Electrolysis of Water
By providing energy from a battery, water (H2O) can be dissociated into the diatomic molecules of hydrogen (H2) and oxygen (O2). This process is a good example of the the application of the four thermodynamic potentials.

The electrolysis of one mole of water produces a mole of hydrogen gas and a half-mole of oxygen gas in their normal diatomic forms. A detailed analysis of the process makes use of the thermodyamic potentials and the first law of thermodynamics. This process is presumed to be at 298K and one atmosphere pressure, and the relevant values are taken from a table of thermodynamic properties.

Quantity H2O H2 0.5 O2 Change
Enthalpy -285.83 kJ 0 0 ΔH = 285.83 kJ
Entropy 69.91 J/K 130.68 J/K 0.5 x 205.14 J/K TΔS = 48.7 kJ

The process must provide the energy for the dissociation plus the energy to expand the produced gases. Both of those are included in the change in enthalpy included in the table above. At temperature 298K and one atmosphere pressure, the system work is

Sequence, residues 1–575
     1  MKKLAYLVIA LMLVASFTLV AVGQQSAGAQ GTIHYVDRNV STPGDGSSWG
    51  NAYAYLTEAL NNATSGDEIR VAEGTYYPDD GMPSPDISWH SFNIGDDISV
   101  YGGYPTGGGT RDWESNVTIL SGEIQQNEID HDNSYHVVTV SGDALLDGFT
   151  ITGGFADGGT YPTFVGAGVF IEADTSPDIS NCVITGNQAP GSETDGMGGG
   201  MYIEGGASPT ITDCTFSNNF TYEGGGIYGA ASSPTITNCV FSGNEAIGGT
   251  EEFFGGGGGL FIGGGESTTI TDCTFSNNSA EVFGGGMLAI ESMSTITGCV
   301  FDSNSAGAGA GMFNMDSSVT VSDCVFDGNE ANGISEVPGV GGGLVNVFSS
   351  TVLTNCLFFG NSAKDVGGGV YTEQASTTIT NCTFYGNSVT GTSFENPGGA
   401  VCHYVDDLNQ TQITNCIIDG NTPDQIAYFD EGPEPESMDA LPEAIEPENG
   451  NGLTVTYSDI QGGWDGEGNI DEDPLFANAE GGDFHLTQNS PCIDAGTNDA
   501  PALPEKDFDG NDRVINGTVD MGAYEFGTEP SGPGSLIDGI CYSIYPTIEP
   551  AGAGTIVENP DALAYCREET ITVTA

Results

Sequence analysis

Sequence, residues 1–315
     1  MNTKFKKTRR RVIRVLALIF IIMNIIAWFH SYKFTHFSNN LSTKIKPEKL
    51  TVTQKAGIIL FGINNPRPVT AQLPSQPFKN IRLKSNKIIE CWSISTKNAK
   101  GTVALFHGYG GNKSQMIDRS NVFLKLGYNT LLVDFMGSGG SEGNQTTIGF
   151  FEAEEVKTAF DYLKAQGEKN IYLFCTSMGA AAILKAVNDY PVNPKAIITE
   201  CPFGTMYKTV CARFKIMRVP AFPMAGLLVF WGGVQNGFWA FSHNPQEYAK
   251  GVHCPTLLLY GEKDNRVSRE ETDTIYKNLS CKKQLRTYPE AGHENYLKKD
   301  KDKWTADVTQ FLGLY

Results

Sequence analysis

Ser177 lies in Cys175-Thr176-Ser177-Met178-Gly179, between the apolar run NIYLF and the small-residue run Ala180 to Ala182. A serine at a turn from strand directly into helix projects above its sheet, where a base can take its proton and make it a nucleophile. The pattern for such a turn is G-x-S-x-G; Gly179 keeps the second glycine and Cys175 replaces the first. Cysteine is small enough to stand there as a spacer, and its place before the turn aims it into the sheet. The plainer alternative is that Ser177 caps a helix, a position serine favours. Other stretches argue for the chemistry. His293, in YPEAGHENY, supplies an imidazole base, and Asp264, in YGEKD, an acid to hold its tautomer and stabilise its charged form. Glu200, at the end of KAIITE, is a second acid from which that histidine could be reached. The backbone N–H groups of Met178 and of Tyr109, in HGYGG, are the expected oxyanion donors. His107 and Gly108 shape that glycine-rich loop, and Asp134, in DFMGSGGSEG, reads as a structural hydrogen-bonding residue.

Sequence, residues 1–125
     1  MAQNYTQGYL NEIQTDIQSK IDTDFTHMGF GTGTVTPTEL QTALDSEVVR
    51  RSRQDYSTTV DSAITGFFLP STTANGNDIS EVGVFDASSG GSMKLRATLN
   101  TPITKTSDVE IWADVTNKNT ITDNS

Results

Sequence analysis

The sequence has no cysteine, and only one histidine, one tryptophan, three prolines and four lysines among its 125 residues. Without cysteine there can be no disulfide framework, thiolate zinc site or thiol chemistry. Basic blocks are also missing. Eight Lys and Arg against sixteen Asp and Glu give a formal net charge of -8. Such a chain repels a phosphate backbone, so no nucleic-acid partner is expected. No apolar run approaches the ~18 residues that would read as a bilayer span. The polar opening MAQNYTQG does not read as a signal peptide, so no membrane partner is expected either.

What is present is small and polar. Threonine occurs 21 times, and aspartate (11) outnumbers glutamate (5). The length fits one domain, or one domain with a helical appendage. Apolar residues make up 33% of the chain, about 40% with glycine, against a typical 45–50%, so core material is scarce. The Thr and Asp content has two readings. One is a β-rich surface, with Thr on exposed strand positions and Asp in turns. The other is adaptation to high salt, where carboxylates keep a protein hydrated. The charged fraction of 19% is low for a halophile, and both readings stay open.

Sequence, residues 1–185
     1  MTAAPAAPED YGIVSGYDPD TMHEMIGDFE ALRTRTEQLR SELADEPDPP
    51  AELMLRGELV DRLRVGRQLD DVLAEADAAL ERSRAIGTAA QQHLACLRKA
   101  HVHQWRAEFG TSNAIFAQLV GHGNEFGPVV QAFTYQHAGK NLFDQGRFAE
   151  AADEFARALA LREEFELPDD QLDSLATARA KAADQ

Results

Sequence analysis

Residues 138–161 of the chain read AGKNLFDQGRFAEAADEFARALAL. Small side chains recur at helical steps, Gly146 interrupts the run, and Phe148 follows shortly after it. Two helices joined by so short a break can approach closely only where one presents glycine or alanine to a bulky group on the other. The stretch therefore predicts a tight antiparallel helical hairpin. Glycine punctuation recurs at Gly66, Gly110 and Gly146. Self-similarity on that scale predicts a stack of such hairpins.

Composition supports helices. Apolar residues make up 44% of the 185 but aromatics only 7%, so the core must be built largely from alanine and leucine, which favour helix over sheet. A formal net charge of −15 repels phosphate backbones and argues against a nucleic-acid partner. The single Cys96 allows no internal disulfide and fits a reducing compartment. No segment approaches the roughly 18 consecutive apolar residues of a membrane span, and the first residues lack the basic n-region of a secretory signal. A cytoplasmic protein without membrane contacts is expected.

W = PΔV = (101.3 x 103 Pa)(1.5 moles)(22.4 x 10-3 m3/mol)(298K/273K) = 3715 J
Since the enthalpy H= U+PV, the change in internal energy U is then

ΔU = ΔH - PΔV = 285.83 kJ - 3.72 kJ = 282.1 kJ
This change in internal energy must be accompanied by the expansion of the gases produced, so the change in enthalpy represents the necessary energy to accomplish the electrolysis. However, it is not necessary to put in this whole amount in the form of electrical energy. Since the entropy increases in the process of dissociation, the amount TΔS can be provided from the environment at temperature T. The amount which must be supplied by the battery is actually the change in the Gibbs free energy:

ΔG = ΔH - TΔS = 285.83 kJ - 48.7 kJ = 237.1 kJ
Since the electrolysis process results in an increase in entropy, the environment "helps" the process by contributing the amount TΔS. The utility of the Gibbs free energy is that it tells you what amount of energy in other forms must be supplied to get the process to proceed.